Martin Rebas
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My favorite books
Phantoms in the brain

Phantoms in the brain

V. S. Ramachandran gives examples of bizarre neurological disorders - people who are paralyzed but believe they can move freely, people who believe that their parents are robots, people with one happy and one suicidal brain hemisphere, etc - and shows what these disorders can teach us about the functioning of our brains. A book similar to, but probably better than, Oliver Sacks's The Man Who Mistook His Wife For A Hat.

A Primate's Memoir: A Neuroscientist's Unconventional Life Among the Baboons

A Primate's Memoir: A Neuroscientist's Unconventional Life Among the Baboons

Robert M. Sapolsky has written a very funny book about his travels in Africa. And about baboons. You're probably not interested in baboons. Read it anyway!

High Fidelity

High Fidelity

Nick Hornby's novel about relationships, records, and top five lists.

The Illustrated Man

Various SF short stories

I like some science fiction short stories by Philip K Dick and Ray Bradbury, largely because the genre makes it possible to create huge psychological perspective shifts [1].

(For most people, "science fiction" means stupid action movies with lasers and explosions, because more people watch movies than read books, and for some reason, Hollywood adaptations of SF stories always exclude the intelligent parts and add huge plot holes and silly action sequences that were not present in the original story [2]. But from a moviegoer's perspective, what I mean by "huge psychological perspective shifts" is something like the twist endings in The Sixth Sense or the original Planet of the Apes, or even the scene where Neo "wakes up" in The Matrix).

Anyway - Ray Bradbury writes magical, poetic, sometimes creepy stories, some of which take place on a naive version of Mars. I like these ones: The Earth Men, The Third Expedition, - and the Moon be Still as Bright, The Long Rain, Kaleidoscope, No Particular Night or Morning and Dark They Were, and Golden-eyed.

Most of them can be found in the collections The Illustrated Man and The Martian Chronicles.

Philip K Dick's stories often revolve around the questions What is real? and What is a human?, generally with a high level of paranoia. I recommend these stories:

The Crawlers, The Commuter, Breakfast at Twilight, Shell Game, We Can Remember It For You Wholesale, Minority Report, Autofac, Meddler, Paycheck, Colony and The Hanging Stranger.

Many of these are included in The Philip K. Dick Reader.

Incidentally, does anyone know why SF book covers invariably feature ugly airbrushed spaceships that have nothing to do with the plot? And also, seeing as the stories I've mentioned are over fifty years old, can anyone recommend any more recent authors who write short stories in a similar style?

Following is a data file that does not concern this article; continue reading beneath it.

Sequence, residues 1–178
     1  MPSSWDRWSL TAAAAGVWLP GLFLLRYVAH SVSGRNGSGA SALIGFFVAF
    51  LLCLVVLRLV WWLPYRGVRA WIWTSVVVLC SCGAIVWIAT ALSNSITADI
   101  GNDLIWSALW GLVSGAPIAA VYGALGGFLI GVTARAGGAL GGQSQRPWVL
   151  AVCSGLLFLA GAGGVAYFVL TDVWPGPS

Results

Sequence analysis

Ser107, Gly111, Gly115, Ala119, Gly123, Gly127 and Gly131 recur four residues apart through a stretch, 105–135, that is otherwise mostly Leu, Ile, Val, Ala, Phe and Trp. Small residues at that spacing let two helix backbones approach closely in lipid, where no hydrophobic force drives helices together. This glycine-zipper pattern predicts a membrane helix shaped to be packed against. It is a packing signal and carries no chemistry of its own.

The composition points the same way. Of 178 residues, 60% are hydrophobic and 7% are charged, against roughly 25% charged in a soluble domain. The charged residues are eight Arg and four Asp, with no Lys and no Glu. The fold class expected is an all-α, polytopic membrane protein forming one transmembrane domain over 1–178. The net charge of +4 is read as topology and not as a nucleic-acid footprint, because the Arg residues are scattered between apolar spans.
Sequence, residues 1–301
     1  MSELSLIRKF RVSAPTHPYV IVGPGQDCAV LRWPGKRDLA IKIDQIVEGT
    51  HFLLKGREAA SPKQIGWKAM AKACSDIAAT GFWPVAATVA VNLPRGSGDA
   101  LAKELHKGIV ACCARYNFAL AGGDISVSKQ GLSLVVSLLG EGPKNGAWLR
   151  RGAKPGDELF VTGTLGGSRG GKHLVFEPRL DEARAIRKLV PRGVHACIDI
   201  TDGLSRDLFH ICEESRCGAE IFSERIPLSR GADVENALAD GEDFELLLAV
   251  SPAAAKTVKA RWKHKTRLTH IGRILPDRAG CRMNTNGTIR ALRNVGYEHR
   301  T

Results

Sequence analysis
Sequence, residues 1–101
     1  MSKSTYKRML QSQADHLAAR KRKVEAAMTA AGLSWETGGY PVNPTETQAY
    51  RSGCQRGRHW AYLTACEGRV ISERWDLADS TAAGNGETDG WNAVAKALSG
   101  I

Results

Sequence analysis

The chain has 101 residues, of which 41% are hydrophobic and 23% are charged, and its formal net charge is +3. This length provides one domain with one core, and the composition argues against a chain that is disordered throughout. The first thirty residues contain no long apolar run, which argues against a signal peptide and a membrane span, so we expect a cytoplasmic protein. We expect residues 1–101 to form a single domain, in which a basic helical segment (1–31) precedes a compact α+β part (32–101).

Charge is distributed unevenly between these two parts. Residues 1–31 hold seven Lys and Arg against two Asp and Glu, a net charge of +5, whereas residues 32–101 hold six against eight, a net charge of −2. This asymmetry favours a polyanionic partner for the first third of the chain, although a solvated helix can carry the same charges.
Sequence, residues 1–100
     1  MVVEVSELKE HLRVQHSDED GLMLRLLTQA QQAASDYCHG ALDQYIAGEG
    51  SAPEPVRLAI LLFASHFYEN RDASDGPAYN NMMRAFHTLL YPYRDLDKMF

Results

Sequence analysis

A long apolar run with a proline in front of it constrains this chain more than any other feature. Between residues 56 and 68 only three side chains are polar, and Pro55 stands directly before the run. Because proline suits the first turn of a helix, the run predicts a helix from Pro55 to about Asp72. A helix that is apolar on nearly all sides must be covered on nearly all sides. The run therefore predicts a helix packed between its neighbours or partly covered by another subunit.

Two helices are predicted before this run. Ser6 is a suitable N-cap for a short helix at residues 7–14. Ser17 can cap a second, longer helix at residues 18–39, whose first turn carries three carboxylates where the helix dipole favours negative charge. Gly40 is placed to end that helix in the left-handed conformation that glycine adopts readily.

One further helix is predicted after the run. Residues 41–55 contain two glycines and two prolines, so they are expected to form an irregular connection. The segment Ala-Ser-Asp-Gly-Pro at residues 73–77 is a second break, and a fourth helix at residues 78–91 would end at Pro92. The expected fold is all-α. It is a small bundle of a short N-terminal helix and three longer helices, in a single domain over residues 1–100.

The blind watchmaker

The Blind Watchmaker

Richard Dawkins explains why we exist.

The theory of evolution is incredibly beautiful in its ability to give a simple explanation for the complexity of the biological world, yet few people understand it well. In his books, Dawkins shows how evolution can produce altruism, and various other complex organs and behaviors, but most of all, he explains its basic principles and shows why evolution is the only possible explanation - even in theory - for complex living organisms.

A Real Person: Life on the Outside

En riktig människa
(English title: "A Real Person: Life on the Outside")

Gunilla Gerland's autobiography, in which she describes what it was like to grow up with undiagnosed Asperger's disorder (a mild form of autism), surrounded by people who thought she was just being difficult and obstinate.

Some examples:

For Gunilla, school was full of strange rules that she didn't understand but had to learn to accept. When some schoolyard bullies told her that "We're going to beat you up every day", she accepted it as another rule, and actually went and reminded them if they forgot to beat her up.

Her parents would berate her or laugh at her for being so lazy as to not bother to look behind things when she was searching for something. All the while, Gunilla simply didn't know that things could be behind other things!

It's an utterly fascinating book.

The Dice Man

The Dice Man

Luke Rhinehart lets the dice decide his future. A fun, cynical and thought-provoking read.

Finn Family Moomintroll

Trollkarlens hatt
(English title: "Finn Family Moomintroll", but the English translation seems bad, so this review is in Swedish.)

Det händer makalöst mycket i den här fantastiskt somriga muminboken av Tove Jansson. Och Tofslan och Vifslan är hur tuffa som helst.

[1] I obviously have a thing for reading about people who encounter widely differing worldviews, or who have to change their worldview radically - most books on this page match that description on some level.

[2] Philip K Dick's Minority Report is a prime example. Judging from the trailer, Bradbury's A Sound of Thunder seems even worse.